How many times have you bullied yourself?

In a recent interview, singer Melanie C describes therapy as ‘bloody great’. She’s dead right.

During therapy, one of my biggest epiphanies was uncovering the link between my early life experiences and inner critic, then taking action to break the pattern.

Let’s face it: we all trash talk ourselves. Everyone has an inner dialogue, both positive and negative. Most the time we’re in a good place and our narrative ambles along happily. But during stress, adversity or setbacks a daemon appears and unleashes merry hell.

The attacks can be irritating. Exhausting, even. Understanding this can be complex, but our native discourse usually comes from an emotional place.

For me, it stretches back to the dim and distant past and my parents’ separation. I vividly remember the day it happened and how I felt. I was convinced their break-up was my fault. In the aftermath my inner critic settled in and made herself at home.

Revisiting and reexamining those emotions are hard; I find it easy to write about it. Talking about it? Not so much. When I describe that day I feel small, childlike, and become upset. Maybe you relate.

As difficult as it is, it’s also liberating. It pinpoints the roots so you can cultivate solutions and allow new behaviours to grow.

Perception vs reality: We mistakenly believe negative self-talk is fact. Hey, guess what? It’s fake news! Sometimes we’re skewed by our own bias and can’t see outside ourselves. What you need right now is a gentle reminder of your strengths from someone who cares.

Check, mate: Learn to notice when you’re being hard on yourself so you can begin to stop. Ask yourself: would you say these things to a good mate? If not, work towards shutting it down.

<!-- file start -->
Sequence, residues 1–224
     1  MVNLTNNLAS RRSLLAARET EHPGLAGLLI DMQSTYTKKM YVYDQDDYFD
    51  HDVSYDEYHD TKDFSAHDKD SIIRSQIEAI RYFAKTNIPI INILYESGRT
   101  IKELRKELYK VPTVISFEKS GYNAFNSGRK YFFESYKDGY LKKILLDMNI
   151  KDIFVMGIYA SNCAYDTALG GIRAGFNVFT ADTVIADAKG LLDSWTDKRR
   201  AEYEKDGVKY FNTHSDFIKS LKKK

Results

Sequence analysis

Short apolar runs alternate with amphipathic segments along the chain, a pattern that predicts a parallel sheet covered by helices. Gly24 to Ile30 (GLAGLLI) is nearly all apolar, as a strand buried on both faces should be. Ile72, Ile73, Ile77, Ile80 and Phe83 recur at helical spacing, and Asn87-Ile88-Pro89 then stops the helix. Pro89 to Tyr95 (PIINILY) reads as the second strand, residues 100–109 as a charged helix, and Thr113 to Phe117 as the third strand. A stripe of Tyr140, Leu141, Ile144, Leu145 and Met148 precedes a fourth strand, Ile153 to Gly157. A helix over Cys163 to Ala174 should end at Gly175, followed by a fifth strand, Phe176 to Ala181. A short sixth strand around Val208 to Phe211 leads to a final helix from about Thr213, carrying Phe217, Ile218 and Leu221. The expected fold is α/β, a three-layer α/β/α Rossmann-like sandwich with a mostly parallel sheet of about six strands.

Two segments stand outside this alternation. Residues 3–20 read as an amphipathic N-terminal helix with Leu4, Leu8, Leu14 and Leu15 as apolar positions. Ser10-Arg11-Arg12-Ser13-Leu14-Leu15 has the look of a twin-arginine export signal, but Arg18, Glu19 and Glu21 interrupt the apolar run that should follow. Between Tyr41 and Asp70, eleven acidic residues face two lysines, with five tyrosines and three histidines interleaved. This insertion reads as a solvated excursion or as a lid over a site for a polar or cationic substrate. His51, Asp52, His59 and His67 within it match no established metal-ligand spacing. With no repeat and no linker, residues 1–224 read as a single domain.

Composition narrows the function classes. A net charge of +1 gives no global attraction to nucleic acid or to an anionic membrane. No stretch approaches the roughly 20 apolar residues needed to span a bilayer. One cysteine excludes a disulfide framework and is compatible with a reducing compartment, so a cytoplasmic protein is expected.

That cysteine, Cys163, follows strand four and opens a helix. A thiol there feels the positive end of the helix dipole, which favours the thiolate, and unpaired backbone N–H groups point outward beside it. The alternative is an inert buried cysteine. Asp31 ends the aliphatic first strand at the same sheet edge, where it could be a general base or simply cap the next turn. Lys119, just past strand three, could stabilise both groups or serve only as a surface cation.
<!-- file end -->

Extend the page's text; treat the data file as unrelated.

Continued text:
Watch your language: If you catch yourself in the midst of verbal masochism, try changing the tone. Instead of ‘I can’t/I’m not good enough’ say ‘This is tough going/a challenge’. Remind yourself you can only do your best. Zap those negative vibes.

Stop. Don’t stop: We can’t switch off emotions and it is futile to think we can. It’s not easy but sometimes you gotta feel. There’s no use telling yourself to stop feeling this way so don’t try to control it – learn to manage it. As a friend of mine says ‘sit with it for a while.’

Good vs bad: When I find myself stuck in a critical whirligig I swap the bad for good. I figure we do these for external behaviours – giving up booze, fags and junk food – so it’s applicable to internal processes too. Like forming a new habit, it gets easier as you go.

Be your own best buddy… Instead of your own worst enemy.

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I'm a writer, journalist and communications officer based in the South West of England. I write about wellbeing, the outdoors and life in a rural playground.

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